It may surprise you to learn that the vast majority of nitrate/nitrite exposure comes not from food, but from endogenous sources within the body. In fact, nitrites are produced by your own body in greater amounts than can be obtained from food, and salivary nitrite accounts for 70-90% of our total nitrite exposure. In other words, your spit contains far more nitrites than anything you could ever eat.

When it comes to food, vegetables are the primary source of nitrites. On average, about 93% of nitrites we get from food come from vegetables. It may shock you to learn that one serving of arugula, two servings of butter lettuce, and four servings of celery or beets all have more nitrite than 467 hot dogs. And your own saliva has more nitrites than all of them! So before you eliminate cured meats from your diet, you might want to address your celery intake. And try not to swallow so frequently.

All humor aside, there’s no reason to fear nitrites in your food, or saliva. Recent evidence suggests that nitrites are beneficial for immune and cardiovascular function; they are being studied as a potential treatment for hypertension, heart attacks, sickle cell and circulatory disorders.

Well then, as much I was hoping for a reason to drink beetroot juice, I’ll probably just eat more bacon.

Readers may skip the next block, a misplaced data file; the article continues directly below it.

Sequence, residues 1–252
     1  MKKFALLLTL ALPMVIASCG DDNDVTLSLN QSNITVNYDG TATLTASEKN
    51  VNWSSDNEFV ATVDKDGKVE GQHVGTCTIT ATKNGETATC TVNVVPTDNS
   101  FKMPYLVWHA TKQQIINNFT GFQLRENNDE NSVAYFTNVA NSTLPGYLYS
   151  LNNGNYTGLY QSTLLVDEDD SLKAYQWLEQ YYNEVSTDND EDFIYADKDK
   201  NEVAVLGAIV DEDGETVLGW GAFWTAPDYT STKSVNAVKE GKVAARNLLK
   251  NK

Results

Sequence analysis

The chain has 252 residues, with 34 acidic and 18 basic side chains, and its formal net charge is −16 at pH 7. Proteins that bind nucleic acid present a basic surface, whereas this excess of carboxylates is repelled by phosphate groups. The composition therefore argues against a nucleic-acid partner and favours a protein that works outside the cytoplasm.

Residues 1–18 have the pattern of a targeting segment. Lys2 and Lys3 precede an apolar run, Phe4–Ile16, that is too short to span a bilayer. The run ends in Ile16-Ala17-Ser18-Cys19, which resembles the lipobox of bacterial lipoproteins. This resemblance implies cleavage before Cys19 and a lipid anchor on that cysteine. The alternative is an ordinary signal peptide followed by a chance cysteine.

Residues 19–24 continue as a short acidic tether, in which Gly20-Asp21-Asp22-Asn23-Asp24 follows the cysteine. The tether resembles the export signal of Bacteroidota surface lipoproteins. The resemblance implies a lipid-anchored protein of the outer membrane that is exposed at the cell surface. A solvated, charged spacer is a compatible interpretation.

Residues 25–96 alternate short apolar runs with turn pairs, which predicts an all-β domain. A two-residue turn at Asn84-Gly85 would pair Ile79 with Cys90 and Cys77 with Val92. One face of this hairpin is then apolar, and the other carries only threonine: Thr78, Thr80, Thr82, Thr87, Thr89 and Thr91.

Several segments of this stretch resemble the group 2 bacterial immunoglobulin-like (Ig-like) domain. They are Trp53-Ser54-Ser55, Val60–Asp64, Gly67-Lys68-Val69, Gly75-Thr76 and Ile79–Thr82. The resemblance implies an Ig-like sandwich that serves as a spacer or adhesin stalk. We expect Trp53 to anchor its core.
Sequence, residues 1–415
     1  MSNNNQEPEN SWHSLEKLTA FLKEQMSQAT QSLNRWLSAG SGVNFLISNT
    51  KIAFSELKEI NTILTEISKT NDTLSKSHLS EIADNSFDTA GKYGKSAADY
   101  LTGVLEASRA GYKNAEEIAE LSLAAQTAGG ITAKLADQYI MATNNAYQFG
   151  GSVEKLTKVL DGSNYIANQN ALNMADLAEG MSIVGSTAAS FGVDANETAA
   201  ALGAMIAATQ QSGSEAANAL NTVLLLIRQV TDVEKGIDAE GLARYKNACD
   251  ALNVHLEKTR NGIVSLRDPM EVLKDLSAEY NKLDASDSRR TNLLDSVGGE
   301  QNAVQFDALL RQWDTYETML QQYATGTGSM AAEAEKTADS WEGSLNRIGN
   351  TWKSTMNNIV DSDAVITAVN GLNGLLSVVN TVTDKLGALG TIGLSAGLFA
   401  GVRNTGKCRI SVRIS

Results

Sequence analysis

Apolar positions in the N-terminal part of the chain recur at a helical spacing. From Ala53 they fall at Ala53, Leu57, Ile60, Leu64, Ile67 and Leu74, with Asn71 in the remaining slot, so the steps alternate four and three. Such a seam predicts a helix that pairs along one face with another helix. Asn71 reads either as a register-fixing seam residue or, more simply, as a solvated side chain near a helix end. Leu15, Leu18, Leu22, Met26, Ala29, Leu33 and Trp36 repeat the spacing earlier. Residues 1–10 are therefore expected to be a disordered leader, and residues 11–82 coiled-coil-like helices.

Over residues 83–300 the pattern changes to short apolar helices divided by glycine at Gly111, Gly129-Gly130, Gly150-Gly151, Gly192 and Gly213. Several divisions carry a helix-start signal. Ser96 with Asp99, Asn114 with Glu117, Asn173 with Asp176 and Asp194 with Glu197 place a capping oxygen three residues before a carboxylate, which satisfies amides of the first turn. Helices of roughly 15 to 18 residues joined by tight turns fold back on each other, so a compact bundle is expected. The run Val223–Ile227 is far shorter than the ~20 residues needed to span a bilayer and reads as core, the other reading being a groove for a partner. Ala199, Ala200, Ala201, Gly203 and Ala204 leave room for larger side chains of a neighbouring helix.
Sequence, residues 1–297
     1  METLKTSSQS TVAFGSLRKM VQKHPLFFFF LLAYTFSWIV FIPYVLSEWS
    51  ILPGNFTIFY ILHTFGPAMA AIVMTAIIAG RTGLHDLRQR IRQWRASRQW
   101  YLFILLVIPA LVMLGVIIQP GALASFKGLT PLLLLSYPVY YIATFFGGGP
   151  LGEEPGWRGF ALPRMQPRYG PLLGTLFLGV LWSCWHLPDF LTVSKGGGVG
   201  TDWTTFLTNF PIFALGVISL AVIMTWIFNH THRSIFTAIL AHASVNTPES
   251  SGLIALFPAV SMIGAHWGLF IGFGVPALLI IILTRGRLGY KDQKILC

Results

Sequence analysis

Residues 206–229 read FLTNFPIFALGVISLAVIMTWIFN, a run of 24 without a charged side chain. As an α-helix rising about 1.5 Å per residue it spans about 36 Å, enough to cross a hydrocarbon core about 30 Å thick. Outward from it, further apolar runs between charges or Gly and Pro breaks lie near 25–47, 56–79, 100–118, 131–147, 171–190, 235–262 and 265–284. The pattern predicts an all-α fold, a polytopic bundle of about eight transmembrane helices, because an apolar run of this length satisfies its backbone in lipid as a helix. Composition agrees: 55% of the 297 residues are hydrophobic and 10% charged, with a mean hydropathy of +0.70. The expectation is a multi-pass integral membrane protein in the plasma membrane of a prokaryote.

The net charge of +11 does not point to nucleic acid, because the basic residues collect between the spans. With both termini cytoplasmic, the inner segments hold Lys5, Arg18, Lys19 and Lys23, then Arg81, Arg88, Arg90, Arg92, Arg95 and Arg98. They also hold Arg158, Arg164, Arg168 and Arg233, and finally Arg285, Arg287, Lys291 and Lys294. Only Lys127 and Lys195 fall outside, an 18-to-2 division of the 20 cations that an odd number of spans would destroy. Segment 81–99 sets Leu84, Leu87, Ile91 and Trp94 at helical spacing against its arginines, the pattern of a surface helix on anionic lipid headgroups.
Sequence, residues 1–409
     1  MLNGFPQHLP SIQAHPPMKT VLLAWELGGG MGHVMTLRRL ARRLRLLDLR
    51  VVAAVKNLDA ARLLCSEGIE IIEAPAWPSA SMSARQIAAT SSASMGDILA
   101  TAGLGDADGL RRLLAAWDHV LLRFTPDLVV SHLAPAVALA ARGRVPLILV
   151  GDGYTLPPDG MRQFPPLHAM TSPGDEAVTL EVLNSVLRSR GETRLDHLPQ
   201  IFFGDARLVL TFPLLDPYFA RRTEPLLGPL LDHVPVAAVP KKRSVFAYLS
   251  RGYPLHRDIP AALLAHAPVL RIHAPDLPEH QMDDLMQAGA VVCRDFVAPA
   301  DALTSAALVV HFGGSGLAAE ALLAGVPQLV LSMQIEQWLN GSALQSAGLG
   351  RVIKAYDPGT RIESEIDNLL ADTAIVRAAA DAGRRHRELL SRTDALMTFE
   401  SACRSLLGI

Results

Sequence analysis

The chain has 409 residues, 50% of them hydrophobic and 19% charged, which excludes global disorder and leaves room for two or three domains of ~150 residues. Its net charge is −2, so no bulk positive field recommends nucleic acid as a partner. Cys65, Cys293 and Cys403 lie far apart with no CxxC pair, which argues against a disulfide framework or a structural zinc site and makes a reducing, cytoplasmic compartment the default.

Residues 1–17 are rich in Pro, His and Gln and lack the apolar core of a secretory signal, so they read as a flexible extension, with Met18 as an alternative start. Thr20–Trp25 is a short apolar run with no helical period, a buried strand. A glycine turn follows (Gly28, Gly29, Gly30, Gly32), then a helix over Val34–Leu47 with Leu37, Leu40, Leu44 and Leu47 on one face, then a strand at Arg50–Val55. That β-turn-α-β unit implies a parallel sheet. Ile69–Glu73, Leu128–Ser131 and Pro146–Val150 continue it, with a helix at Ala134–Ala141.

How bariatric surgery “cures” diabetes

Remember when a widely-reported study touted bariatric surgery as a cure for diabetes? If so, you probably remember what I wrote about it: it’s not the surgery that does the trick; it’s the diet the surgery forces people to adopt. A new study says the same thing:

Patients with type 2 diabetes who consume a diet identical to the strict regimen followed after bariatric surgery are just as likely to see a reduction in blood glucose levels as those who undergo surgery, researchers at UT Southwestern Medical Center have found.

“For years, the question has been whether it is the bariatric surgery or a change in diet that causes the diabetes to improve so rapidly after surgery,” said Dr. Ildiko Lingvay, assistant professor of internal medicine and first author of the study published online in Diabetes Care. “We found that the reduction of patients’ caloric intake following bariatric surgery is what leads to the major improvements in diabetes, not the surgery itself.”

The study followed 10 patients in a controlled, inpatient setting during two distinct periods. Initially they were treated only with the standard diet given to patients after bariatric surgery, while researchers measured effects on blood glucose levels. Several months later, the patients underwent the Roux-en-Y gastric bypass bariatric surgery and followed the same diet while the UT Southwestern research team again examined blood glucose levels. Patients received less than 2,000 calories total during each of these 10-day periods, which is the customary diet after gastric bypass surgery.